“World’s Poorest President” Explains Why It Should Be MANDATORY To Kick Rich People Out Of Politics!
Uruguayan President José Mujica, arguably the most loved politician in the world, went on record explaining to CNN en Español in an interview that;
“We invented this thing called representative democracy, where we say the majority is who decides. So it seems to me that we [heads of state] should live like the majority and not like the minority.”
Mujica became famous globally several years ago when the incredible story that he donates 90% of his salary to charity went viral online. This earned him the title, “World’s Poorest President” and “World’s Humbles President”.
The presidents suggestion is dangerous when we consider the current frame work of global politics which attracts the most vile and greedy human being imaginable. Take the United States, for example, aside from their handsome salaries, they are constantly engaged in back door million dollar business deals with corruption corporations, banks, oil companies and the military industrial complex.
But isn’t his stance logical? How can we expect politicians and so called leaders have any empathy and compassion for our struggle when they don’t live it. Most of the time they come from privilege, so how can we expect them to relate to us or our needs?
Mujica did explain that he didn’t really have anything against rich people, but he logically doesn’t believe they should be involved in politics;
“I’m not against people who have money, who like money, who go crazy for money. But in politics we have to separate them. We have to run people who love money too much out of politics, they’re a danger in politics… People who love money should dedicate themselves to industry, to commerce, to multiply wealth. But politics is the struggle for the happiness of all.”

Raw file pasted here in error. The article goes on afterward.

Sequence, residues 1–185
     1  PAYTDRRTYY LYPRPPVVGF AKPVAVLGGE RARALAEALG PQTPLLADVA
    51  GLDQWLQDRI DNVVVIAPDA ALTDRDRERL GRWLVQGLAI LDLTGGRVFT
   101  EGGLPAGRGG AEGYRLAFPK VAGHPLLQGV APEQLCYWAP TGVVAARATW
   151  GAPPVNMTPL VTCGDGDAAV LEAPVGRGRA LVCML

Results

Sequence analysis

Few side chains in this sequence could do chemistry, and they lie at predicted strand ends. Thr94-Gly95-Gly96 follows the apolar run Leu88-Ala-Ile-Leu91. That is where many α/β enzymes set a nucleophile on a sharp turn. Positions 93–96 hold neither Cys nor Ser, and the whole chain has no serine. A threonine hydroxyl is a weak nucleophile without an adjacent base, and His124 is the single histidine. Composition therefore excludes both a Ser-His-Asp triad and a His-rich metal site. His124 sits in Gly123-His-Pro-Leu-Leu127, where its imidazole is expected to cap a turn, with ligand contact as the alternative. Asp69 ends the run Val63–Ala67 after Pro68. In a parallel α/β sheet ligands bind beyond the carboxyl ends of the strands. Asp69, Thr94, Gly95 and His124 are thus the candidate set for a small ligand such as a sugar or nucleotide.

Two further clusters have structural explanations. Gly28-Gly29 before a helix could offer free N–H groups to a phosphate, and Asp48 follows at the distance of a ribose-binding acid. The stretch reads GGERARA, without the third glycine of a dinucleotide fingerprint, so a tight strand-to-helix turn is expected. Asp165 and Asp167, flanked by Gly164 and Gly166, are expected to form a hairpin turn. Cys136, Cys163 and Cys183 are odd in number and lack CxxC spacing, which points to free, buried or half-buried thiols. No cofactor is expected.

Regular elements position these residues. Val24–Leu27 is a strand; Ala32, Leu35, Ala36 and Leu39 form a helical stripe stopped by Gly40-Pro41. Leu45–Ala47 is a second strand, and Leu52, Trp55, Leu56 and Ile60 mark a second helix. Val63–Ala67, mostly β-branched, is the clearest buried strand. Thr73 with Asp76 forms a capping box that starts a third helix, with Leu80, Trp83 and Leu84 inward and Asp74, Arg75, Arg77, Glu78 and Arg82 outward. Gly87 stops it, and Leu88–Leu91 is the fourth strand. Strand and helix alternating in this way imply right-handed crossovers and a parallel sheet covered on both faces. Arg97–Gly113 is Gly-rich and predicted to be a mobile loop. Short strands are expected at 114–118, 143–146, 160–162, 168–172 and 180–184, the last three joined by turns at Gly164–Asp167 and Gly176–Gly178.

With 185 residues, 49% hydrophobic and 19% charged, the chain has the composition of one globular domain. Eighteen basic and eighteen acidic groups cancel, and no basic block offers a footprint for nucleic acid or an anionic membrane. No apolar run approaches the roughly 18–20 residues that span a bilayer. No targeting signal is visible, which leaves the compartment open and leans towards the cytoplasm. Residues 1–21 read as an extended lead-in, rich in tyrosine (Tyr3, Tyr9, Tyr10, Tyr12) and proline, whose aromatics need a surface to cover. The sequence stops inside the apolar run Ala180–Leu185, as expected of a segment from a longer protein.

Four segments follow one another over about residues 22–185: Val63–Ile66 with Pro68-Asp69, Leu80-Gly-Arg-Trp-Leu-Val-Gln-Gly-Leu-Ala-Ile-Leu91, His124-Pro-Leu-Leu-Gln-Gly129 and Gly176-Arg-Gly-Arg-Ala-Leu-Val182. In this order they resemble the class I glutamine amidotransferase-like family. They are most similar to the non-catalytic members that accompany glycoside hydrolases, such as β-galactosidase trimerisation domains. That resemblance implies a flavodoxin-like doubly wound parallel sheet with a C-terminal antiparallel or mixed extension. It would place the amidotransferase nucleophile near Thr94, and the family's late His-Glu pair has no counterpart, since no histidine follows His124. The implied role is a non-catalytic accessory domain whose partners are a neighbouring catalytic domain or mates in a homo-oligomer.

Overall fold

When asked why rich people make bad representatives of poor people, Mujica exaplained:
“They tend to view the world through their perspective, which is the perspective of money. Even when operating with good intentions, the perspective they have of the world, of life, of their decisions, is informed by wealth. If we live in a world where the majority is supposed to govern, we have to try to root our perspective in that of the majority, not the minority.”
Mujica is such a down to earth guy, he came from humble beginnings. He was a former urban guerrilla fighter with the Tupamaros, and was imprisoned for 13 years during the military dictatorship of the 1970s and 1980s. In fact Mujica once gave an epic rant in an interview about the ridiculous clothes that politicians dress themselves in;
“The tie is a useless rag that constrains your neck, I’m an enemy of consumerism. Because of this hyperconsumerism, we’re forgetting about fundamental things and wasting human strength on frivolities that have little to do with human happiness.”
He lives on a small farm on the outskirts of the capital of Montevideo with his wife, Uruguayan Sen. Lucia Topolansky and their animals. He says he does not care for money because he believes it makes us poor in spirit and forget about the simple things in life that have value, which for him is spending time on his farm with his wife, his animals and his garden.